A dietary supplement is a product that contains a “dietary ingredient” intended to supplement the human diet. Dietary ingredients include: vitamins; minerals; herbs or other botanicals; amino acids; and other substances such as enzymes, extracts, or concentrates. Dietary supplements, including probiotics, which contain potentially beneficial bacteria or yeasts, may be found in many forms such as tablets, capsules, soft gels, gel caps, liquids, or powders.

Dietary supplements are meant to supplement the diet; accordingly, the Dietary Supplement Health and Education Act of 1994 (DSHEA) defines them as a subset of foods, and they are regulated as such. As is the case with foods, FDA regulates the types of ingredients allowed in dietary supplements and the types of claims that can be made about an ingredient and/or a product. FDA also has detailed requirements for the labeling of dietary supplements (e.g., nutrition labeling, allergen labeling, statement of identity, and a net quantity statement, among others).

While dietary supplement manufacturers must ensure that their products are safe prior to marketing, FDA also has several post-marketing responsibilities to ensure the safety of dietary supplements. Among those is enforcement of the final rule on dietary supplement Current Good Manufacturing Practices (cGMPs), released on June 25, 2007. This rule is mandatory for all dietary supplement companies and it became effective for all companies in June 2010 following a three-year, phase-in period. cGMPs establish uniform standards needed to ensure quality throughout the manufacturing, packaging, labeling, and storing of dietary supplement products.

FDA also oversees mandatory adverse event reporting by dietary supplement manufacturers. In 2006, Congress passed the Dietary Supplement and Nonprescription Drug Consumer Protection Act, requiring that dietary supplement manufacturers promptly communicate serious adverse events to FDA. This requirement went into effect December 22, 2007. Serious adverse events associated with the use of a dietary supplement should be reported to FDA’s MedWatch Program.
In addition, the U.S. Federal Trade Commission (FTC) regulates dietary supplement advertising. More information on FDA’s and FTC’s responsibilities are available online.

FDA does not review and approve dietary supplements based on their safety and effectiveness. Dietary supplements containing a dietary ingredient not marketed in the U.S. before October 15, 1994 (also known as a “new” dietary ingredient), require a notification to FDA 75 days before marketing. The notifcation must include information regarding the safety of the dietary supplement. FDA evaluates the safety of marketed dietary supplements through adverse event.

Consumers should feel secure that dietary supplement manufacturers are responsible for ensuring a dietary supplement product is safe before it is marketed. The manufacturer must ensure that the Supplement Facts label and ingredient list are accurate, the ingredients are safe, and the content matches the amount declared on the label. Manufacturers of dietary supplements with new dietary ingredients (defined as a dietary ingredient that was not marketed in the U.S. before October 15, 1994) must provide FDA with the information used to conclude that the product containing the new dietary ingredient is reasonably expected to be safe.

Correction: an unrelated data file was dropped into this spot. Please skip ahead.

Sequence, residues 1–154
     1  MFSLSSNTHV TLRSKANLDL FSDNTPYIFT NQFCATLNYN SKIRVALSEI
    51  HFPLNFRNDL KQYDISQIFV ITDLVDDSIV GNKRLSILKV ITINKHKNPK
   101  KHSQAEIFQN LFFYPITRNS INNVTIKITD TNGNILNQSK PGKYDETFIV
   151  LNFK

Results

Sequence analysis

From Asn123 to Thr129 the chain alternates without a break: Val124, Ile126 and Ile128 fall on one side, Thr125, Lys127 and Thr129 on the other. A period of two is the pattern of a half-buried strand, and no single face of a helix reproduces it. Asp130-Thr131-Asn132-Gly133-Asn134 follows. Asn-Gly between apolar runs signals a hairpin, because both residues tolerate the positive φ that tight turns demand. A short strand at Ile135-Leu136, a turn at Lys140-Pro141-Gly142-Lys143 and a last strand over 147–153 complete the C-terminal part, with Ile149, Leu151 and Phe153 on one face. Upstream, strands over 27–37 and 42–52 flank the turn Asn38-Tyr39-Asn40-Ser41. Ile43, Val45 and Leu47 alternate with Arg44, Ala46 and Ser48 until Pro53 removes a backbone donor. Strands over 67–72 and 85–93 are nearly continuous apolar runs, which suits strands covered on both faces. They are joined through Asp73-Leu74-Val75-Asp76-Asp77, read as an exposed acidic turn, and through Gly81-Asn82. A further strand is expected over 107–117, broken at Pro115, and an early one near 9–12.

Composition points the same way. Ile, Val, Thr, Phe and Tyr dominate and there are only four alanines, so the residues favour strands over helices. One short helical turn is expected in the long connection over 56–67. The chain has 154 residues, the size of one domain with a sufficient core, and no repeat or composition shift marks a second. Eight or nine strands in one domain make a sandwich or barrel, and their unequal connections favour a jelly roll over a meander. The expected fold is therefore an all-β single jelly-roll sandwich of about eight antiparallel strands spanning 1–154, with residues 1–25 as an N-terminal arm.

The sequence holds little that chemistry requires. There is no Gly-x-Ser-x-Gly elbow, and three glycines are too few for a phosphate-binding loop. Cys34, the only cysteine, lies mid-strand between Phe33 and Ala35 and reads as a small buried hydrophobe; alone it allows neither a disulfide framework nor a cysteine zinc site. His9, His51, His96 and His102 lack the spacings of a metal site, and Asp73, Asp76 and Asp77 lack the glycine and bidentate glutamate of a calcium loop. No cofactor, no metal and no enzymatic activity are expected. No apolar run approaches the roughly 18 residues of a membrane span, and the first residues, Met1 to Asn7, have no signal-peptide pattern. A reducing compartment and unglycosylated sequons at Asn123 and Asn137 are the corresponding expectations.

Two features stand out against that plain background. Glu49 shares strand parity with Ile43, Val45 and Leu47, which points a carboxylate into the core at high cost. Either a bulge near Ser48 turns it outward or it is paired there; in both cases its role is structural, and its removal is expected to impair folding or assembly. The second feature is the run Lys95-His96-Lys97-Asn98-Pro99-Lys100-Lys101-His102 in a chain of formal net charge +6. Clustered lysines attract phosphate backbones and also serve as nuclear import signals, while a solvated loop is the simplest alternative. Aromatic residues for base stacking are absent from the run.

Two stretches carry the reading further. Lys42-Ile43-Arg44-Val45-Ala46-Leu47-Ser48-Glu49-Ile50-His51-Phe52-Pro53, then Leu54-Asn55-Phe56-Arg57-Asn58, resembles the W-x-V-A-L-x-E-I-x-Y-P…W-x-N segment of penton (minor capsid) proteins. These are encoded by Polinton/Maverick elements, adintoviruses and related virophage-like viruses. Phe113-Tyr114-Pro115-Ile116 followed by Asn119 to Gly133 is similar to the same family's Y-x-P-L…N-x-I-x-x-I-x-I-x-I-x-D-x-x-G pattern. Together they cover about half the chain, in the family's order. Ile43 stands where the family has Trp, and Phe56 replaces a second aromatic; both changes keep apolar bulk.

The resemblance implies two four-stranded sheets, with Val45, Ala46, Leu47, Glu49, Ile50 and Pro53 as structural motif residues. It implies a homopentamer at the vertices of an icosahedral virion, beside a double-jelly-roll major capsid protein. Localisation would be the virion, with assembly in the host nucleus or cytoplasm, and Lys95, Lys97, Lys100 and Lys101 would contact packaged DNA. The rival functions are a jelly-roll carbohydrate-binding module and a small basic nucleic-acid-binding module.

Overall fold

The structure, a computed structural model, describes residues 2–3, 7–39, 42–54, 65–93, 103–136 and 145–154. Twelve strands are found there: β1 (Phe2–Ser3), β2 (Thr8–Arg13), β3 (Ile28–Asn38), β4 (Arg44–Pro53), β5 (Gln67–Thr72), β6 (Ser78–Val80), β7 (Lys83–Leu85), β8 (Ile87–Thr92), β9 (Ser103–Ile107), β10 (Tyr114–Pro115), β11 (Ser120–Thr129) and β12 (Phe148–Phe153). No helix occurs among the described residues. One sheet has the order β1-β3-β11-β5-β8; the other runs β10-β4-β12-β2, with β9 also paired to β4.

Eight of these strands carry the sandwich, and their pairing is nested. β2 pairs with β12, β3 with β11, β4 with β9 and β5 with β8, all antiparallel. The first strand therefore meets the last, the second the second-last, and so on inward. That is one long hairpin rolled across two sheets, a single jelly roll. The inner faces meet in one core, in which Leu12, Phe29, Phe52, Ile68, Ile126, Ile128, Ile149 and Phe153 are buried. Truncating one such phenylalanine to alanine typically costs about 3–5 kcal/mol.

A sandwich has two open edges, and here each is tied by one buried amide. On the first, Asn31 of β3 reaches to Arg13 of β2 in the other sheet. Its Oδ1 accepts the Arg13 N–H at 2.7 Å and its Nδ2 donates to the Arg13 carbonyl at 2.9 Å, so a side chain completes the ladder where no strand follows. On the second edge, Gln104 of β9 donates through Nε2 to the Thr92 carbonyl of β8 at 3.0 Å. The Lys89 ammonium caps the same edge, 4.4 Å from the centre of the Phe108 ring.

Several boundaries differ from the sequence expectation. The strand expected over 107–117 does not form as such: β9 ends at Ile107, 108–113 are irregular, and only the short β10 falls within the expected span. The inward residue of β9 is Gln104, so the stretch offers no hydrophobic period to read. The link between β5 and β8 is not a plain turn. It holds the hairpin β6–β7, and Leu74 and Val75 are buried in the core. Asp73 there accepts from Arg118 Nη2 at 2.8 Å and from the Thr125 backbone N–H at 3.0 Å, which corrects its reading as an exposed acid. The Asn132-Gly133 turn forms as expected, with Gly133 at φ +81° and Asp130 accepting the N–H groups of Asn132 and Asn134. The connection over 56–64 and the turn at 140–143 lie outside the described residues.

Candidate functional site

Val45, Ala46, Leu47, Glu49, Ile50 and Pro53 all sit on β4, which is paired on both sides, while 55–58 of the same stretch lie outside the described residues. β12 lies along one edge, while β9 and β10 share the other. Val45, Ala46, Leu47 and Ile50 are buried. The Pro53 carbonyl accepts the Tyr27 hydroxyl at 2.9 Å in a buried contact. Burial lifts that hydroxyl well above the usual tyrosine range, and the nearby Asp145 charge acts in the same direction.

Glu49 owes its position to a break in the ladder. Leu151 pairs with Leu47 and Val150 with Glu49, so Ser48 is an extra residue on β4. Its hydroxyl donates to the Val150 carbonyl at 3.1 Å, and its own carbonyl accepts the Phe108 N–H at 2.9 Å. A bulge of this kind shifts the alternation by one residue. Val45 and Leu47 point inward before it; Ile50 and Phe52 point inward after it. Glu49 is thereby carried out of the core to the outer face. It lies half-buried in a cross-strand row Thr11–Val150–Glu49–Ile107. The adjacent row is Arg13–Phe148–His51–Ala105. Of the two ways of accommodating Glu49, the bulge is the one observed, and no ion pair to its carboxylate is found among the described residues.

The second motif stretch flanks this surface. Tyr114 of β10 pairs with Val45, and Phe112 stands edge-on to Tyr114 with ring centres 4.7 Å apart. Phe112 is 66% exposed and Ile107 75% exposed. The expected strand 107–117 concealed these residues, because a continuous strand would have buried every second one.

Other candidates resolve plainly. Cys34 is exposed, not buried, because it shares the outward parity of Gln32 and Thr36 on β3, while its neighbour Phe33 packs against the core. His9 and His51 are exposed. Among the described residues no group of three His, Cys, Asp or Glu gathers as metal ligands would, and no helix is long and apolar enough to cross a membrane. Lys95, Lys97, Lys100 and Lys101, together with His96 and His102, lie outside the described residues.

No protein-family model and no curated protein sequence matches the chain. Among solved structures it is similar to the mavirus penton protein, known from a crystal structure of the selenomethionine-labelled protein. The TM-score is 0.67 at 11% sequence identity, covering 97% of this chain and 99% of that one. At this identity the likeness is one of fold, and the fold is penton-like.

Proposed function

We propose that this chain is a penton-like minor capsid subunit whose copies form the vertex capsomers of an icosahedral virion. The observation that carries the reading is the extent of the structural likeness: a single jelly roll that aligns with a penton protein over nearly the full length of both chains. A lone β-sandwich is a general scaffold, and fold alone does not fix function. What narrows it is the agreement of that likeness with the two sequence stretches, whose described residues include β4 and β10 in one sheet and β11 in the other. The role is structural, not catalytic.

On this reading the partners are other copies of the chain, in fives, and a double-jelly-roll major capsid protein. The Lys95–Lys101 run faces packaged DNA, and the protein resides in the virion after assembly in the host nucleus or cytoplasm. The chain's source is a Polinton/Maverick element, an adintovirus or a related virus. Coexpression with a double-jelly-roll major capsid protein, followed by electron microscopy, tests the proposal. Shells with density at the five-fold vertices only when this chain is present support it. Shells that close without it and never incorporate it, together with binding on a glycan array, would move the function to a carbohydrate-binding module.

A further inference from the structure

It is important for consumers to find out as much as possible about a dietary supplement before they take it. While the Internet provides a great deal of helpful information, often times it is difficult for a consumer to discern whether the information is accurate or not. The basic rule of thumb is for consumers to remember that if it sounds too good to be true, it probably is.

Consumers can always speak to their healthcare professional or contact the manufacturer of the product directly if they have any questions.

Yes! Consumers should always be sure to inform their healthcare professional about ALL of the products they are taking—prescription drugs or OTC medicines—AND dietary supplements, even if they are not asked. Dietary supplements, just like conventional foods, may potentially interact with some OTC medicines or prescription drugs, so it is very important for consumers to keep their doctor apprised.

A dietary supplement manufacturer must ensure that the Supplement Facts label and ingredient list for each product is accurate, that the dietary ingredients are safe, and that the content matches the amount declared on the label. On June 25, 2007, FDA published a final rule on Current Good Manufacturing Practices (cGMPs) for dietary supplements. This uniform set of standards, which became effective for all companies in June 2010, establishes the procedures that dietary supplement manufacturers must undertake to ensure quality throughout the manufacturing, packaging, labeling, and storing of dietary supplement products. CHPA members have long had exacting quality standards in place, and this rule will help ensure that all manufacturers comply with stringent standards designed to prevent contaminants and impurities, and to certify that all products are accurately labeled with the type and amount of dietary ingredients they contain.

CHPA, in collaboration with the Council for Responsible Nutrition and the United Natural Products Alliance, participates in the Standardized Information on Dietary ingredients (SIDI) Workgroup, which is composed of expert volunteer member company representatives. The SIDI workgroup has developed a set of guidelines to assist dietary supplement manufacturers and ingredient or component suppliers with determining the acceptability of a potential vendor or supplier, ingredient or component for use in the manufacture of a dietary supplement. The guidelines are intended to help dietary supplement companies develop their own programs as part of complying with the Good Manufacturing Practices regulations.